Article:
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Pursuits and Passions

Children and Dance



In India, dance is everywhere from Bollywood movies to wedding baraat processions, and poses immortalised in sculptures in the Sun Temple at Konark to MF Hussains paintings in art galleries. It is an art form that has not just moved humans; legends have it that Vishnu became Mohini to entice the Asuras with Mohiniyattam, and Lord Siva is known for his dancing skills as Nataraja. With such hoary associations, it is not surprising that dance tops the list of pursuits that parents want for their children especially if the child is so inclined.

Image Courtesy: Kshetra Academy, Malaysia

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Pursuits and Passions The influence of dance on a child

If there is one thing that practitioners and children agree on, it is that being involved in dance results in immense confidence. Across exponents of various forms, this seems to hold true it may have to do with being the cynosure of many eyes from a young age. All dancers we interacted with radiated self-assuredness and a feeling of selfcontainment that was impressive. At a physical level, dance is an excellent way to achieve and maintain fitness; very few exercise routines can boast of the same benefits with respect to coordination, strength and endurance. Poise and grace are, of course, the icing on the cake! Emotionally, dancing helps by making children aware of their own feelings and motivations, and those of others, while also offering a structured channel of self expression. The various stories that form the narratives of dances expose the child to life experiences and perspectives that may not come his/her way otherwise.

Children and Dance

What dance can do for the child Teens Speak

Adarsh Chokkalingam 17-year-old pursuing Contemporary Western Dance for the last eight years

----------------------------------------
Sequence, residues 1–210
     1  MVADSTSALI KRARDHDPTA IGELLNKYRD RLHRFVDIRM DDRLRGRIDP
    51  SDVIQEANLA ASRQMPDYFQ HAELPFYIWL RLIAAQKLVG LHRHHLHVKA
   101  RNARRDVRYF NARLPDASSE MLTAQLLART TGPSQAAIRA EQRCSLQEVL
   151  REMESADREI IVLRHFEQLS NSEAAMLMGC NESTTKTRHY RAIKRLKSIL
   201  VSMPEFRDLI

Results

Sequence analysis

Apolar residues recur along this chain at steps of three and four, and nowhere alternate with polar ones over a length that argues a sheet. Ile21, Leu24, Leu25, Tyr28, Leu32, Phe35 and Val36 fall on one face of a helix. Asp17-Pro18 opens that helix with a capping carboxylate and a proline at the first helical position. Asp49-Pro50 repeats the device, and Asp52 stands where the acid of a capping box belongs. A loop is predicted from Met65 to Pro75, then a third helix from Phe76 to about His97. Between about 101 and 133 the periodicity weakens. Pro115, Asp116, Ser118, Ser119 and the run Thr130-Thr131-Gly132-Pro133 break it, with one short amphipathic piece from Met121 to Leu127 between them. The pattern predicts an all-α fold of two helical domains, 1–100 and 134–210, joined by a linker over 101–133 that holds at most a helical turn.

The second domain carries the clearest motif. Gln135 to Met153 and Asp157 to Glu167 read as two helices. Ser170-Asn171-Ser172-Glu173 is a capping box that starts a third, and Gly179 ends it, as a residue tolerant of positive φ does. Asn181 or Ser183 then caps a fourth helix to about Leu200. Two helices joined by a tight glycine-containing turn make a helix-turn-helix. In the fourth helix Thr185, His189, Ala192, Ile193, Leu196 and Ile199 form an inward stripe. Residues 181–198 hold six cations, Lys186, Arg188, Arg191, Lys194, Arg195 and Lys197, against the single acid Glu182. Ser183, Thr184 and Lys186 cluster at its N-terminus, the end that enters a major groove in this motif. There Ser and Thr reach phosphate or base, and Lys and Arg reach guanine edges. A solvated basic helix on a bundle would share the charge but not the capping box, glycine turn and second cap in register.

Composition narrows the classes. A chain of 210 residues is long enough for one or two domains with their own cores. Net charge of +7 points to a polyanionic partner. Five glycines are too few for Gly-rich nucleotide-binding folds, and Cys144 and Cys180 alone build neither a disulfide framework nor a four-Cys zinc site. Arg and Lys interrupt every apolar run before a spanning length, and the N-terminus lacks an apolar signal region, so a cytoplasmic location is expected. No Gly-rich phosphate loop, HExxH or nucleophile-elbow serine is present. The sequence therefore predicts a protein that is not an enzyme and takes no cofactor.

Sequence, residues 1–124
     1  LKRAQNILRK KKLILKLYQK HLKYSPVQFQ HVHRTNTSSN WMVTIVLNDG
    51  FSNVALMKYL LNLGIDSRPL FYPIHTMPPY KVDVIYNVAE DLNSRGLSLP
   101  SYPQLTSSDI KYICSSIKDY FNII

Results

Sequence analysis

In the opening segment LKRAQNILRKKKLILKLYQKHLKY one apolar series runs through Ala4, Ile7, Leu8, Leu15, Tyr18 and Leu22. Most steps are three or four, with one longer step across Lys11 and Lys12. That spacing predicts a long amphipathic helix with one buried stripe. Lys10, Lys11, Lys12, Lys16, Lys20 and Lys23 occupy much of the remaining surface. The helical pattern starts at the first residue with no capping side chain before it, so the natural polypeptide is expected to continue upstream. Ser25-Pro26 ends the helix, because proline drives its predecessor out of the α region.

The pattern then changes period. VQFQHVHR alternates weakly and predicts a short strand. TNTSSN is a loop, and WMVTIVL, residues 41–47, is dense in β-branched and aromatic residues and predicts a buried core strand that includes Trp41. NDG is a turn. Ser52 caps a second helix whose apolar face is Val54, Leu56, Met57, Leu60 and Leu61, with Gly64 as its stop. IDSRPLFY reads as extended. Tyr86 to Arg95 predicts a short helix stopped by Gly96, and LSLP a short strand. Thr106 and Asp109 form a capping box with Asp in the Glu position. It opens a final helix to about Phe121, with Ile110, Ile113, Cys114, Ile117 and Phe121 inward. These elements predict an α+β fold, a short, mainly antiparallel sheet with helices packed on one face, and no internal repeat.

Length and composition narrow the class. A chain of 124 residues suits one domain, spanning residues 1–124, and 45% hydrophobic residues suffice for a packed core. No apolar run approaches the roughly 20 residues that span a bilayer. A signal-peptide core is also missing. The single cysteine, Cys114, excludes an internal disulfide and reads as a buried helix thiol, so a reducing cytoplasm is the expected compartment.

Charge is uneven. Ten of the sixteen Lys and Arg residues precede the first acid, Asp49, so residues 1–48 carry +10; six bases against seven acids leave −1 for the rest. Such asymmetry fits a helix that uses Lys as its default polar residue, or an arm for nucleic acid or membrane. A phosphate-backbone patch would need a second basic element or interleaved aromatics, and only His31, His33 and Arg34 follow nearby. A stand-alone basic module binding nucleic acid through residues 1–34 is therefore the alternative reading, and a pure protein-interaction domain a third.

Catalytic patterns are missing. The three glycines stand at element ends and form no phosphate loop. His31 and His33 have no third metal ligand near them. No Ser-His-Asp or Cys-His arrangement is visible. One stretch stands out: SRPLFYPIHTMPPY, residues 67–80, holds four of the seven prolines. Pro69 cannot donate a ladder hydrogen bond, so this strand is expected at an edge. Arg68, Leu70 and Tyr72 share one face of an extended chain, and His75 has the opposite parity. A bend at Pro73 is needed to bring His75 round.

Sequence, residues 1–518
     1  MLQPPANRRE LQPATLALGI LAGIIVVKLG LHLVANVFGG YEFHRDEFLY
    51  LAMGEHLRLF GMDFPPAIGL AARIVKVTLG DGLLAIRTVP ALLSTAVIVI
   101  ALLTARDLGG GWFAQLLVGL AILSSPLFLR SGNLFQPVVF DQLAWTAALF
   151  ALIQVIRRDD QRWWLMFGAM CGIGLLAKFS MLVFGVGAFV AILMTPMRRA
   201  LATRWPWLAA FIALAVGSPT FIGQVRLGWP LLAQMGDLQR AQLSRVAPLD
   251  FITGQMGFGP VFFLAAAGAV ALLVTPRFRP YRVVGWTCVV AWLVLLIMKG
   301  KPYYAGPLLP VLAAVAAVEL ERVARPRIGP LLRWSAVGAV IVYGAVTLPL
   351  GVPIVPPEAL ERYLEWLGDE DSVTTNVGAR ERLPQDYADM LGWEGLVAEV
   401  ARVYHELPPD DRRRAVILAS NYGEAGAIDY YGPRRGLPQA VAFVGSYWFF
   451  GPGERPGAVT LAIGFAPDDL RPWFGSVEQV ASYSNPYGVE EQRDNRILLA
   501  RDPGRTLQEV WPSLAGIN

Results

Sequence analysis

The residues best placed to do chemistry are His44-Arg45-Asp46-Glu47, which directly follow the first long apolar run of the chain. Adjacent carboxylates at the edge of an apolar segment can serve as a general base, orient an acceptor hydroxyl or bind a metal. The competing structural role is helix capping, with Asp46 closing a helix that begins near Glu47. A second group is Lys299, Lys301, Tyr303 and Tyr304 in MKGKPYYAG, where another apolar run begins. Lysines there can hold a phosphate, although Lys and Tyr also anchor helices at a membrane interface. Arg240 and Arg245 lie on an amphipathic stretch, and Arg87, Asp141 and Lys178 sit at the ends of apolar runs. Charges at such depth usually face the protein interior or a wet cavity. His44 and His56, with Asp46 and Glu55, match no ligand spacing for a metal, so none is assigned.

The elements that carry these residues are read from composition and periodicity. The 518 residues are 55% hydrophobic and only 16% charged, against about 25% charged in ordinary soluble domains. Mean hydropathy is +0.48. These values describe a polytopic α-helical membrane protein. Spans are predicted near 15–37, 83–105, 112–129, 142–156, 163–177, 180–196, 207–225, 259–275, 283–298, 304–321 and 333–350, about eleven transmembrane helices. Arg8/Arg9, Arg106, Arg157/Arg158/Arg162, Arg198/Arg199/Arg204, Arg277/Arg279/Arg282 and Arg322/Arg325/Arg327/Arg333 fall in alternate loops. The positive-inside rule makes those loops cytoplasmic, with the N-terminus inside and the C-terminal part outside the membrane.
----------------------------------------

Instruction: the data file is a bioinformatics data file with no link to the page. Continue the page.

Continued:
Well, I became really popular in school because of dance! I made lots of friends because of dance classes and rehearsals. I also felt my fitness levels improved considerably dance helped improve my performance in rowing and basketball.

Lakshmi Sekhar 18-year-old pursuing Bharatanatyam for the last 11 years

I think dancing has helped me be more confident on stage. Learning dance has also helped me find my roots it has made me appreciate music, art, language better. I think I have also learnt the value of discipline and commitment.

Learning Quotient
The important quality of sticking to a task until it is done. In dance, the child has to continue practice until a step or a dance sequence is mastered.

Exercises, yoga and rigorous practice are part of the training in ballet and Indian classical forms. These can be quite strenuous and need single-minded focus.

Allied arts
Since dance is a performance art, as the child progresses to advanced levels, she will gain an understanding of music composition and delivery, costume design, photography, acoustics and even stage design! Adarsh above vouches for the wide range of knowledge he has acquired in preparing for and participating in stage shows.

Life skills
Dance gives children the ability to set goals, design work plans and be able to work in a team.

Knowledge of a culture
Dance is a visual form of culture. The child gets to be a part of a culture when she performs. When a child learns dance, she learns to respect that culture, says Apsara Ram Gopal, a senior Bharatanatyam exponent.

Social skills
There is always an opportunity to meet, talk to and interact with a variety of people.

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Pursuits and Passions The process of becoming a dancer

When to begin
Children as young as three or four years old can start by moving their bodies in rhythm to the music. They can participate in dance without being a part of the formal classroom structure. Contemporary dance classes admit children as young as two and a half years - do read contemporary dancer Manikandan Thirumoorthys (of Temple Dance Company) interview to understand his experiences with such young children. Formal training in classical dance forms usually begins by the age of six, as children attain the recommended level of physical growth by that time. Comprehension skills are also somewhat more developed, attention span is better, and they are able to focus for the duration of the dance class.

Children and Dance

Experience of Dance Teens Speak

Initially dance was just fun; there was all the dressing up and the make up and the compliments - all these were very nice! As I grew older, it was very satisfying when my teacher explained the meaning and symbolism in dance. Gheetha Arumugam

22-year old pursuing Bharatanatyam for the last 16 years

I felt dance to be a part of me a wonderful way to express myself, a constructive activity, a channel for my creativity. Ramya Mallya